Does it now also relieve hay fever? • HealthNews

Vitamin D is currently often making the headlines: It is supposed to protect against a severe course of Covid-19, Prevent cancer, strengthen the immune system and of course help against winter depression. And now it should also make the lives of at least 15 percent of Germans easier.

Allergic Rhinitis: Affected by Vitamin D?

In a recently published study Researchers at the University of Mosul examined the relationship between vitamin D levels and severity allergic rhinitis. This describes an allergic inflammation of the nasal mucous membrane. It manifests itself as sneezing, a runny or stuffy nose, and watery, itchy and red eyes. Due to the already known ability of vitamin D to reduce inflammatory reactions, the researchers examined its influence on allergies.

More and more people have allergies

In allergic diseases, the body’s own immune system reacts to actually harmless allergens. The most common allergic and atopic diseases are asthma, hay fever and neurodermatitis. The Robert Koch Institute (RKI) reports that over the past 50 years the number of people with allergies in countries with western lifestyle has increased significantly. This is associated with “a high loss of quality of life for those affected,” explains the RKI. In addition, allergies caused both direct and indirect illness costs, such as absenteeism or long-term medication.

Vitamin deficiency correlates with severe complaints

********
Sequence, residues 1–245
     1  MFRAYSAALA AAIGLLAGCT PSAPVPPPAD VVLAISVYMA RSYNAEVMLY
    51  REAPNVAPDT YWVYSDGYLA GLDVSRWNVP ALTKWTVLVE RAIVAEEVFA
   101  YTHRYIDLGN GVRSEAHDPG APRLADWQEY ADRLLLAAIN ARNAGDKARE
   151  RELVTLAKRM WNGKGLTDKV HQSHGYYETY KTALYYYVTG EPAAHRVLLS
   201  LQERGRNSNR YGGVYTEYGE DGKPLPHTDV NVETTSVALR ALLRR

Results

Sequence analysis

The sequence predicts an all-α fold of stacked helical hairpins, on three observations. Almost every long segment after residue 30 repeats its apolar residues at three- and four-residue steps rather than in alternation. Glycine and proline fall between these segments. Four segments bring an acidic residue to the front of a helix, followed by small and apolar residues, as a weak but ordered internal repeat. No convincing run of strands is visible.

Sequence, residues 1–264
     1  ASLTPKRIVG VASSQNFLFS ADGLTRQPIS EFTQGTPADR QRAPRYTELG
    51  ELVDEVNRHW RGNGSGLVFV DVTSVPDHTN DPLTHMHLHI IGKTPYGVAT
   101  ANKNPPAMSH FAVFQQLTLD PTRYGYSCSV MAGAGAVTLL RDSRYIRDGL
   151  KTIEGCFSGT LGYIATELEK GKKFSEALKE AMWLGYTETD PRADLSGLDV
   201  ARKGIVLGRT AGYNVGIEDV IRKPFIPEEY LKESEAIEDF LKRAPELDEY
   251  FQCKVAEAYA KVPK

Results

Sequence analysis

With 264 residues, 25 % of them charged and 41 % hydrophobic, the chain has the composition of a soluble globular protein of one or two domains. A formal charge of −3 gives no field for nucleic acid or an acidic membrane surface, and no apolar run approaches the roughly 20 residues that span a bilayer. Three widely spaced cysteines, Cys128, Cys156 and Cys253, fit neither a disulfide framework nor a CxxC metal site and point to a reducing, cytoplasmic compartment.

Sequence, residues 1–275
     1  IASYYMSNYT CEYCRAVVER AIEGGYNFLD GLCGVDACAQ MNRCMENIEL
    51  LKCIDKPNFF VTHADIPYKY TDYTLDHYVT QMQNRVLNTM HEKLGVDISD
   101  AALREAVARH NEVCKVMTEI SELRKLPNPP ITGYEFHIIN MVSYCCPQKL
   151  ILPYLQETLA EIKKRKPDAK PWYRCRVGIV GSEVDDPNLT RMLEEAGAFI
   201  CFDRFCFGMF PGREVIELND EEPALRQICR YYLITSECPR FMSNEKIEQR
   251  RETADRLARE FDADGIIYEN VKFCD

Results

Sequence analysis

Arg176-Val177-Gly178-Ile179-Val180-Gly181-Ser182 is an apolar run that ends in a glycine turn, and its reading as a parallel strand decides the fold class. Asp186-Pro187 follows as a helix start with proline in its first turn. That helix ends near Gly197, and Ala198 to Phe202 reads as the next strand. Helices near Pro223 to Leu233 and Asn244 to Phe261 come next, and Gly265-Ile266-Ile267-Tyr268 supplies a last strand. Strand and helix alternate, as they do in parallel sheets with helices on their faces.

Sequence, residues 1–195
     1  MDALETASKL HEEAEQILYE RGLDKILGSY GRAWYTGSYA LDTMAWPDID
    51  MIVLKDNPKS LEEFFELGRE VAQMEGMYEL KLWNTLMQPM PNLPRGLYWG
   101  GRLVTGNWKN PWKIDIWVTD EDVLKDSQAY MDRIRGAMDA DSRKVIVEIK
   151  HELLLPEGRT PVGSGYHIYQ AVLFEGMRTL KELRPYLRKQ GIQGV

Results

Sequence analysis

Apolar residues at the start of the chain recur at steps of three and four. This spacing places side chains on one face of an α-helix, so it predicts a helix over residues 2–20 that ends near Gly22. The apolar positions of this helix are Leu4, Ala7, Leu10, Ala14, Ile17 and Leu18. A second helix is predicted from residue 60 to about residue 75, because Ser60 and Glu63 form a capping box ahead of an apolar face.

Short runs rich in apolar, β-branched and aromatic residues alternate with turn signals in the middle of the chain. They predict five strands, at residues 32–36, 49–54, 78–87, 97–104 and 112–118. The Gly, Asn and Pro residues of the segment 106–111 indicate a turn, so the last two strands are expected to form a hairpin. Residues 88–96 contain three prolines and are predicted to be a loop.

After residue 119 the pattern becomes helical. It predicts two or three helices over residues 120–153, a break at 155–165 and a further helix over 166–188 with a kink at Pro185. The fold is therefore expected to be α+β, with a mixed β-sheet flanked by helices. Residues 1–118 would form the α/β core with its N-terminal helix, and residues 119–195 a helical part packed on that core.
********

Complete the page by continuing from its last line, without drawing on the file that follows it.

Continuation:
For their study, the Iraqi scientists examined symptoms of hay fever and Vitamin D levels of 50 healthy people and 49 people suffering from allergic rhinitis. A significant connection was found between a vitamin deficiency and severe hay fever symptoms. The researchers also found that the participants with allergies were significantly more likely to be deficient in vitamin D than healthy test subjects.

Vitamin D makes allergy therapy more effective

Also another study has already shown a connection between vitamin D levels and allergies: In it, researchers from the Medical University of Lodz in Poland examined how the intake of vitamin D preparations affects the success of sublingual immunotherapy (SLIT) in children. An allergen extract is placed under the tongue. The aim of the treatment is to alleviate or even stop the allergy symptoms through desensitization. The study showed that this goal was achieved much better when the treatment was combined with vitamin D supplements.

Checking blood values ​​is worthwhile

Both studies suggest that vitamin D supplementation could have advantages for allergy sufferers. In the case of desensitization, it significantly increases the effectiveness of the therapy. A deficiency in the vitamin should be avoided in people who suffer from hay fever, as this worsens symptoms. Therefore, Iraqi scientists advise that patients with allergic rhinitis should have their vitamin D levels checked by default.

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